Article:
The counter offer: Should you accept it?
Making the decision to leave your current job can be tough, so when you’ve finally worked up the courage to hand in your resignation, receiving a counteroffer can throw you into doubt again.
Why do employers make counteroffers?
A counteroffer is a more appealing offer than the one you’ve already received. It’s a common response from an employer when a valued employee decides to resign and can be motivated by a number of reasons:
- It costs a lot to replace an employee or contractor (e.g. recruitment costs, loss of productivity from the team, loss of working hours when conducting interviews, training costs and advertising fees). It is often easier and more cost-effective to increase your salary.
- Uncertainty of being able to replace you. This is a particular issue in the life science industry, where senior roles are usually highly specialised and increasingly difficult to fill due to a growing skills gap.
- Your employer may have known you were worth more to the company for a long time, but felt they were able to maintain you within the business under the current conditions. Only after you’ve handed in your resignation does the company decide to act.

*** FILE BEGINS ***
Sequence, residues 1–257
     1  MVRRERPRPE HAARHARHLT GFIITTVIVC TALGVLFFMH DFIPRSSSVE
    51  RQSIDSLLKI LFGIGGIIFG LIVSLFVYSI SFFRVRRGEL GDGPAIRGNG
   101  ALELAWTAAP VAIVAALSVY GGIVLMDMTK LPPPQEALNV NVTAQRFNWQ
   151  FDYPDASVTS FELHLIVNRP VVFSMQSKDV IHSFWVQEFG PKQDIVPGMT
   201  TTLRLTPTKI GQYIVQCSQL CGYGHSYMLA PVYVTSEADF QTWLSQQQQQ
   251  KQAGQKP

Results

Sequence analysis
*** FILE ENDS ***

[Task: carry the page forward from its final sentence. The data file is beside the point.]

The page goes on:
- One leaver can sometimes lead to more. Others in the team may realise what is available to them too, or your absence may significantly alter the team’s dynamic if you are a prominent figure within it.
Considering the offer
You need to ask yourself if your employer’s reasons for making a counteroffer reflect the kind of organisation you want to work for. The promise of more money or promotion can be both flattering and tempting, but you have to ask yourself why it hasn’t happened already. If it takes your resignation to spur them into action, you’re probably better off at a company with a fairer reward scheme.
It’s also important not to lose sight of your original reasons for leaving, and whether those reasons are likely to arise again in the future. Issues with the company’s culture, systems, or training and development opportunities are not going to change overnight; and if your employer promises change, you should question if they’re able to keep to their word.
What happens if I accept?
If you do decide to accept a counteroffer, be aware that you may need to live with the after-effects of your resignation for a while. Some employers will be understanding of your reasons for wanting to leave, but others may question your loyalty, which can lead to resentment and a lack of trust.
Overall, it’s important to keep your emotions in check when considering a counteroffer and to ensure that last-minute promises don’t distract you from your long term career goals. Many candidates who accept a counter soon find new or returning reasons to leave.
We estimate that 80% leave within six months, and around 93% within eighteen months. Accepting a counteroffer can therefore mean missing out on a good opportunity, only to go through the whole job search process again soon after.